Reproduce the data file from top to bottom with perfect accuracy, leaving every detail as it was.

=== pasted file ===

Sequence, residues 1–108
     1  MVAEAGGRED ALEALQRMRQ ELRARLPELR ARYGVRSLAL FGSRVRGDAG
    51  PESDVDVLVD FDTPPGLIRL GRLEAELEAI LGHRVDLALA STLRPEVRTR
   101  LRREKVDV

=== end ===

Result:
Sequence, residues 1–108
     1  MVAEAGGRED ALEALQRMRQ ELRARLPELR ARYGVRSLAL FGSRVRGDAG
    51  PESDVDVLVD FDTPPGLIRL GRLEAELEAI LGHRVDLALA STLRPEVRTR
   101  LRREKVDV